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Morphologically Computing Soft Robots toward Self-Organizing Machines

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Self-organisation is one of the main design principles of biological systems. Starting from development of musculosekeletal systems, and learning of sensory and nervous stimuli, to the formation of molecular structures from genetic information, everything in biological systems is continuously changing over time and self-organising to maintain the living processes. In contrast, conventional robotic systems are generally composed of rigid materials such as aluminium, plastic and silicon wafer, and robotics engineers always attempt to minimize the deformation and changes of physical morphologies of the systems. In this seminar, I will discuss the role of physical soft body deformation, and more generally embodiment, in the context of building physically intelligent adaptive systems, by introducing some initial work showing how they can be technologically achieved.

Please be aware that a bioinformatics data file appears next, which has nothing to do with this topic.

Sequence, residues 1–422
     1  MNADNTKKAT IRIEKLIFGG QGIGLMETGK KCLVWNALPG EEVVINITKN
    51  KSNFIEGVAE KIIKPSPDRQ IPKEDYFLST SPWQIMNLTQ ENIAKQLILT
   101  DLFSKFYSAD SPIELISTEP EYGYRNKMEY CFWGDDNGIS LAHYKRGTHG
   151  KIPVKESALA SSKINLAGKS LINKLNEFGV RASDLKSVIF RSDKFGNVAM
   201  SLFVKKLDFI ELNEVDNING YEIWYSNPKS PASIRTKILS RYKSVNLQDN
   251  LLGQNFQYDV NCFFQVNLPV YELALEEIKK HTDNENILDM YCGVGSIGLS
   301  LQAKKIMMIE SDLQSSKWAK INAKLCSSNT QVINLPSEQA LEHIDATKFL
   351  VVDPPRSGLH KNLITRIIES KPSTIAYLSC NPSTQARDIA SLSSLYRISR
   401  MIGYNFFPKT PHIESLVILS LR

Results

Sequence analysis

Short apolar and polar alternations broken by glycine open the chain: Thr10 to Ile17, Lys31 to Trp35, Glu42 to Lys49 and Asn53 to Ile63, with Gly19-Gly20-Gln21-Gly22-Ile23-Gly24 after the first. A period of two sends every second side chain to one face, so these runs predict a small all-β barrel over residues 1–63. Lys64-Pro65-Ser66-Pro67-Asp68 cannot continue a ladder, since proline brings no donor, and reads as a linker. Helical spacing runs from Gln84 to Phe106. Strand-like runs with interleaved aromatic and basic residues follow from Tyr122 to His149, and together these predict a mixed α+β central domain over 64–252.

This talk is part of the Computer Laboratory Wednesday Seminars series.

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